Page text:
OpenStack Deployment, Complexity Concerns Persist
The OpenStack cloud-computing platform is making inroads in the datacenter where an industry survey found that 30 percent of early adopters are using it to support projects or for production workloads. Roughly the same percentage of respondents to the recent survey said they are evaluating the open-source cloud technology, primarily as a way of offsetting pricey public cloud alternatives.
Tool vendors are publishing OpenStack adoption surveys that address complaints that the cloud platform remains complex and has proven difficult to install, requiring much configuring and customizing.
The latest comes from Talligent, an OpenStack and hybrid cloud management provider. The company's "State of OpenStack" report asserts that once the platform is installed, users find they can expand quickly beyond development. Over the next year, for example, testing and quality assurance for OpenStack deployment is expected to double.
Despite teething problems during installation, respondents said the key selling point for OpenStack was saving on operational costs. Sixty-one percent of respondents currently adopting OpenStack said the cloud-computing platform represented a viable alternative to more costly public cloud options.
Enterprise IT executives were divided on the key issues of OpenStack platform stability and whether it is becoming easier to manage. "Evaluators of OpenStack believe that complexity and difficulty of deployment are decreasing, while users of OpenStack are more likely to rate that complexity and difficulty of deployment are increasing," the survey found.
Along with a lack of operational tools, other challenges identified in the OpenStack survey included security concerns. Just over one-quarter of respondents cited an inadequate security framework while 23 percent flagged the lack of operational tools as the biggest challenged posed by OpenStack.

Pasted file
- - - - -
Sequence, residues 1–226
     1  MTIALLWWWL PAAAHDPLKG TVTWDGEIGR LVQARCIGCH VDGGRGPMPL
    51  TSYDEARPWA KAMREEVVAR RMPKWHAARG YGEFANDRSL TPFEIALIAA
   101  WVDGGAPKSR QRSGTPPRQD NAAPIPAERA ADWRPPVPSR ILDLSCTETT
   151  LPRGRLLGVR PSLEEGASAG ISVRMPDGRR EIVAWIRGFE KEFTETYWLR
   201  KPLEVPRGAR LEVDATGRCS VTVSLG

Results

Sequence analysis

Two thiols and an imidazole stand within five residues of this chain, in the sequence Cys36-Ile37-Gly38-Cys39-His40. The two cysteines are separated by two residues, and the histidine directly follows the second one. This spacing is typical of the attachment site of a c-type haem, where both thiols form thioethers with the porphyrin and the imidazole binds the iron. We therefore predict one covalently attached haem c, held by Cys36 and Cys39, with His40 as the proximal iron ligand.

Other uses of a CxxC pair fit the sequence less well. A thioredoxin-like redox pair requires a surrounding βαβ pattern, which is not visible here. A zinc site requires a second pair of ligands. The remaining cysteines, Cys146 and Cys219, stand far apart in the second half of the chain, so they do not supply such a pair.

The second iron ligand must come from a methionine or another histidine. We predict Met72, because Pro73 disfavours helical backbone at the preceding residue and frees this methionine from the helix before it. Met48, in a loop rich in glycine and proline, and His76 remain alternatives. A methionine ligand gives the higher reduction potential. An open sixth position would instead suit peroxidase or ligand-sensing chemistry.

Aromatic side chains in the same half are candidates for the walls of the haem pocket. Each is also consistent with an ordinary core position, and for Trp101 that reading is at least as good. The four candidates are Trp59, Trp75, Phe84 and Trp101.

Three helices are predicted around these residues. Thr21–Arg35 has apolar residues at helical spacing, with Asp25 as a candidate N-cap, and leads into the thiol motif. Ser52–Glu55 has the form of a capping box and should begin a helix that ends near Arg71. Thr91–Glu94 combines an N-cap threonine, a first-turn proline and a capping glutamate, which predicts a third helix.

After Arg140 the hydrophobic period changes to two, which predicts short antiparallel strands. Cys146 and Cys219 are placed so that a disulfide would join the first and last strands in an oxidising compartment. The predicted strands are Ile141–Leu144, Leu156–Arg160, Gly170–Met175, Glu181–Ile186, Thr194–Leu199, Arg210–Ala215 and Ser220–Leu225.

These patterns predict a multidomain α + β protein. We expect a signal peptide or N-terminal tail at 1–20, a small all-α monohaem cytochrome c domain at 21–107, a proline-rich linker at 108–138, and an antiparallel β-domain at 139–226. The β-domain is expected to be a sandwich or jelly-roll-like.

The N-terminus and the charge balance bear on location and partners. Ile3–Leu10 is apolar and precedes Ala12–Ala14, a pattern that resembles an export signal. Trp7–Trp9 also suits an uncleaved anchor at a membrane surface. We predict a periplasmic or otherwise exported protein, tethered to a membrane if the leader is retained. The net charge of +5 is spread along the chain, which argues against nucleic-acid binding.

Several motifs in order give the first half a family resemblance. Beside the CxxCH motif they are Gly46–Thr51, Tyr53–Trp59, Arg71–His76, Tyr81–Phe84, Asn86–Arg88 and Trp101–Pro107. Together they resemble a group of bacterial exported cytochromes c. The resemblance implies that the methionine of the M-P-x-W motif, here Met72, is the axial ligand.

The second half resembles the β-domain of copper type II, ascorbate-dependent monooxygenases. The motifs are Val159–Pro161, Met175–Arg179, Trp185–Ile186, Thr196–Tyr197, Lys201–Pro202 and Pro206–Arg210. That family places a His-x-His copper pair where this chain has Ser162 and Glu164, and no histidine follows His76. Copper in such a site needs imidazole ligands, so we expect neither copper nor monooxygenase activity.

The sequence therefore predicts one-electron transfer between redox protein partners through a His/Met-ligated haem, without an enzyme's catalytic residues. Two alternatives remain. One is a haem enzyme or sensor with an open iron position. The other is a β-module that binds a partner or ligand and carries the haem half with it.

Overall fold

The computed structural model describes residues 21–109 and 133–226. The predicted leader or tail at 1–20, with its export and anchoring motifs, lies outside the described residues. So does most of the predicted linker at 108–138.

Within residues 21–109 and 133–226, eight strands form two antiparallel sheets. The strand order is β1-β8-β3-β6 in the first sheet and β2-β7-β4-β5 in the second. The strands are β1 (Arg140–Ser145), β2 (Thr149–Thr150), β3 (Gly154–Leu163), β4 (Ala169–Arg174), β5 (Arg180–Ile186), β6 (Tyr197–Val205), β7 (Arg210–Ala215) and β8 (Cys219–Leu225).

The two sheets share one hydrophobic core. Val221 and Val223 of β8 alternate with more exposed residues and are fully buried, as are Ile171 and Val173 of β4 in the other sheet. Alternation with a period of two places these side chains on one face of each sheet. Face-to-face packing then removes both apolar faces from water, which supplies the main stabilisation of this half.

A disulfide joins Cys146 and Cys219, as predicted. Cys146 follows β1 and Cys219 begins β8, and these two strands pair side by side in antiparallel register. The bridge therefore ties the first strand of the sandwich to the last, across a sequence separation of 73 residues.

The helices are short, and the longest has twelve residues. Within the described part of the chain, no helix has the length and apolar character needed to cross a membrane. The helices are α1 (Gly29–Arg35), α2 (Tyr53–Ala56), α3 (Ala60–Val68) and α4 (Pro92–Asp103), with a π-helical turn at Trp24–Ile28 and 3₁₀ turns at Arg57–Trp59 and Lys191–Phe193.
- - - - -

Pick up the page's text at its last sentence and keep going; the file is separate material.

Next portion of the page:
The study also counters the prevailing view that enterprises are embracing hybrid cloud strategies as a way to leverage public cloud flexibility while retaining control of sensitive applications and data. Talligent said more than half (54 percent) of respondents expect to stick with private clouds over the next five years while just 14 percent said they would adopt a mix of public and private cloud deployments through the end of the decade.
While the cost of public clouds was most often cited as a reason for adopting OpenStack, improved cloud computing performance and "consolidation benefits" also ranked high among survey respondents. Ease of deployment ranked last on the list of motivations.
Commented one survey respondent: "The migration to an OpenStack platform is complex and requires a lot of architectural planning that is always underestimated." Another added that the biggest challenge was "installation complexity for those who use it for the first time, even by following documentation." Others cited difficulty in finding IT talent to manage and operate OpenStack deployments.
Asked whether large IT vendors are pushing the OpenStack platform in the right direction, potential users again emphasized deployment hurdles. “The lack of operational tooling coupled with the reality of deployment tools really needs to get solved to decrease the complexity as well as assist not only deploying but also supporting OpenStack," one survey participant noted.
Talligent, Austin, Texas, commissioned the OpenStack adoption study that surveyed 647 virtualization and cloud executives across a range of global industries during February 2016. The company's Openbook tool helps deploy production-ready OpenStack clouds with an emphasis on easing deployment and boosting users' visibility into cloud costs, resource allocation and utilization.
Meanwhile, Rackspace (NYSE: RAX), the vendor who helped develop OpenStack, unveiled the next generation of its bare metal cloud servers running on the cloud platform. The company said Thursday (March 10) the latest version of its OnMetal cloud servers would improve connections between public clouds and dedicated hardware to speed hybrid cloud adoption. The new servers also target workloads such as Cassandra distributed database management, Docker containers and Spark running on Windows and Linux, Rackspace noted.